Chemical equilibrium

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In a chemical process, chemical equilibrium is the state in which the chemical activities or concentrations of the reactants and products have no net change over time. Usually, this would be the state that results when the forward chemical process proceeds at the same rate as their reverse reaction. The reaction rates of the forward and reverse reactions are generally not zero but, being equal, there are no net changes in any of the reactant or product concentrations. This process is called dynamic equilibrium.[1][2]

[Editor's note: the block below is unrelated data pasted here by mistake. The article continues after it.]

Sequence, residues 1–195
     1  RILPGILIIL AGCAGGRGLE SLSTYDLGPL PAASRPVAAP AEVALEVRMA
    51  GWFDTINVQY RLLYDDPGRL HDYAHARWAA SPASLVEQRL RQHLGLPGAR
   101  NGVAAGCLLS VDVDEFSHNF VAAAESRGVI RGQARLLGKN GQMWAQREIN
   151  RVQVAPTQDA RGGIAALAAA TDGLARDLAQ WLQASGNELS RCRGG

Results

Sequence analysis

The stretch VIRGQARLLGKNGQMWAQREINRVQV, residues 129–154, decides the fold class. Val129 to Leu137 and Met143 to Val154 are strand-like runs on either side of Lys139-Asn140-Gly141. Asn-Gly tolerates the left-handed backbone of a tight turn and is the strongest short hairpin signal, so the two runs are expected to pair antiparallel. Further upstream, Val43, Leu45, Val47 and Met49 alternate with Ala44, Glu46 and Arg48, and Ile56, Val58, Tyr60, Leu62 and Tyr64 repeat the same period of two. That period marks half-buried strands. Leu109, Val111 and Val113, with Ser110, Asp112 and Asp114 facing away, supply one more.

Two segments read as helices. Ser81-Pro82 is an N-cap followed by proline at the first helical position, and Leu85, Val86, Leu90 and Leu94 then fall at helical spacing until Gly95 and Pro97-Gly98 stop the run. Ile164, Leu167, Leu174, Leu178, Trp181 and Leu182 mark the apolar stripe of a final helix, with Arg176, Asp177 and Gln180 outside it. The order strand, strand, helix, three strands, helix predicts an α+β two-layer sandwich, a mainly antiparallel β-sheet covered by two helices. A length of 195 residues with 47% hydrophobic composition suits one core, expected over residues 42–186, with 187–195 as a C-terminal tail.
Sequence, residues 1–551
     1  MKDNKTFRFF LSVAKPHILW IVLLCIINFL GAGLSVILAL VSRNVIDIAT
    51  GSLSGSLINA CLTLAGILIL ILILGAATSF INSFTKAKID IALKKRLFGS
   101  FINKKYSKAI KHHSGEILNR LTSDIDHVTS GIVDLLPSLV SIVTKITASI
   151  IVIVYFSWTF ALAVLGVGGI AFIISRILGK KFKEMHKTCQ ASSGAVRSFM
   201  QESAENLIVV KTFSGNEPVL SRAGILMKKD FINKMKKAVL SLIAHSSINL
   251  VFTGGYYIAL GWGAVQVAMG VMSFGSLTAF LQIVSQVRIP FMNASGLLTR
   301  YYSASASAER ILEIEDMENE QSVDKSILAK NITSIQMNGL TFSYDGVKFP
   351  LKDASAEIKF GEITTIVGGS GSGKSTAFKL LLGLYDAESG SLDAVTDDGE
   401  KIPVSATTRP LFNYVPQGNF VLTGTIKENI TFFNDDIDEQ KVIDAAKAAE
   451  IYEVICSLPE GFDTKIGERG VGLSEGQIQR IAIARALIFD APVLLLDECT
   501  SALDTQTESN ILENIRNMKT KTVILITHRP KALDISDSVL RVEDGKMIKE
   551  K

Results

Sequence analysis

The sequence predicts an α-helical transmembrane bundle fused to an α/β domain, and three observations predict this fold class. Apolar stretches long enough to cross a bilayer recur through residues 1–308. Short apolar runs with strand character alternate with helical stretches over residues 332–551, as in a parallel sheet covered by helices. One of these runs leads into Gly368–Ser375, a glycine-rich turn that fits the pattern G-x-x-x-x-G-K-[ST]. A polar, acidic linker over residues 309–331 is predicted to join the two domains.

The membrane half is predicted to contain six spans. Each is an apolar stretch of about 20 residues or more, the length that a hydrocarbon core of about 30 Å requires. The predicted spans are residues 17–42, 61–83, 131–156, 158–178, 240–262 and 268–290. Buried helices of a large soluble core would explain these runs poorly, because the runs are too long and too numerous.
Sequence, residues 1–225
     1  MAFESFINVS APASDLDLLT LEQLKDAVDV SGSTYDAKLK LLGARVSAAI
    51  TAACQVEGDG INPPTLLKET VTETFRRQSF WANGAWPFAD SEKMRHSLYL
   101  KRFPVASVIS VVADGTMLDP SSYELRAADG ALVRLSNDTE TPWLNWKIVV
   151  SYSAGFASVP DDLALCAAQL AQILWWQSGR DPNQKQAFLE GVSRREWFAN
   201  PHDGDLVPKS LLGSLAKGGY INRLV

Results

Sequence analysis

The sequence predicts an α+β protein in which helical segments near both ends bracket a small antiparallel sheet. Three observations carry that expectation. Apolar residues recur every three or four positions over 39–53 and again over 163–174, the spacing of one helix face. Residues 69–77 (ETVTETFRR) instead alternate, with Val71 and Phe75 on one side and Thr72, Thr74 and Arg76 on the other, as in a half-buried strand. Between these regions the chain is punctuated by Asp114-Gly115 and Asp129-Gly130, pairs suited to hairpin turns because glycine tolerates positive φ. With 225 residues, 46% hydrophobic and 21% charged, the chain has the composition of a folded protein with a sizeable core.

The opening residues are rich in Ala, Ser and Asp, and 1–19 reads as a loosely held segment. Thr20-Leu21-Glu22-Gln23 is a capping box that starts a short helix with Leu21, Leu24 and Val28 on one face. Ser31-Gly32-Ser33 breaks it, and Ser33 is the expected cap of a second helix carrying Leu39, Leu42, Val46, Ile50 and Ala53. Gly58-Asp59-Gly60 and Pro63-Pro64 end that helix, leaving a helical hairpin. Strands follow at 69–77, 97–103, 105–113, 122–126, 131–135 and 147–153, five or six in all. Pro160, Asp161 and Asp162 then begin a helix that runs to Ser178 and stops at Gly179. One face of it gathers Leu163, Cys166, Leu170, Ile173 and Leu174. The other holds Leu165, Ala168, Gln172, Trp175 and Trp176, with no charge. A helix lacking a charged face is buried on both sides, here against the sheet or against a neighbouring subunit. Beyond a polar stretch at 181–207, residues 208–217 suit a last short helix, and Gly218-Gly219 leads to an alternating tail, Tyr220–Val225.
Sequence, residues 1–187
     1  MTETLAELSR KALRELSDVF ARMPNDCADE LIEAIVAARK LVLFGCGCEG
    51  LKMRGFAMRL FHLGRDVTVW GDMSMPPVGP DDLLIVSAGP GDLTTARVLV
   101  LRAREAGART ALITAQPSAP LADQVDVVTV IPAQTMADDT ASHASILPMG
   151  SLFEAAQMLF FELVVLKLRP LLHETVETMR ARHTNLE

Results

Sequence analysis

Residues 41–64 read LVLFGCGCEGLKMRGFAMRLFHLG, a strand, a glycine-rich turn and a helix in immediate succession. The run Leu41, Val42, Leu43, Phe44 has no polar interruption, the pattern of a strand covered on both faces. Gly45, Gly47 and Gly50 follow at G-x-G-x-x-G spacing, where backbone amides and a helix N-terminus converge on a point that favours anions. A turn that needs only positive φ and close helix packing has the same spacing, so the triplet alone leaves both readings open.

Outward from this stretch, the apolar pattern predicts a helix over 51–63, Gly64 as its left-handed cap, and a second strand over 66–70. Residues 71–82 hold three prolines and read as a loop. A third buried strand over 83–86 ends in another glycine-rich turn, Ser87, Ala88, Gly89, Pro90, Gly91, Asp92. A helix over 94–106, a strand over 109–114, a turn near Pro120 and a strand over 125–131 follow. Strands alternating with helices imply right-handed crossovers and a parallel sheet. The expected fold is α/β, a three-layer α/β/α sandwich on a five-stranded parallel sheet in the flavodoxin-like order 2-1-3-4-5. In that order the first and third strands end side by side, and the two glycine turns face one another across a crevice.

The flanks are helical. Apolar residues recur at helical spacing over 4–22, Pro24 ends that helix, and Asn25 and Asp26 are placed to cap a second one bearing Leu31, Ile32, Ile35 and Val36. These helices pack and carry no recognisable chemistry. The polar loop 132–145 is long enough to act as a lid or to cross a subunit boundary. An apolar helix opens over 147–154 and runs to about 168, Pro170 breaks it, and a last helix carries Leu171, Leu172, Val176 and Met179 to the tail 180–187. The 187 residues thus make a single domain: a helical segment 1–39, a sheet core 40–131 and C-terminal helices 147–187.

Contents

Introduction

In a chemical reaction, when reactants are mixed together in a reaction vessel (and heated if needed), the whole of reactants do not get converted into the products. After some time (which may be any amount of time, shorter than millionths of a second or longer than the age of the universe), the opposing reactions will have equal reaction rates, creating a dynamic equilibrium in which the ratio between reactants and products will appear fixed. This is called chemical equilibrium.

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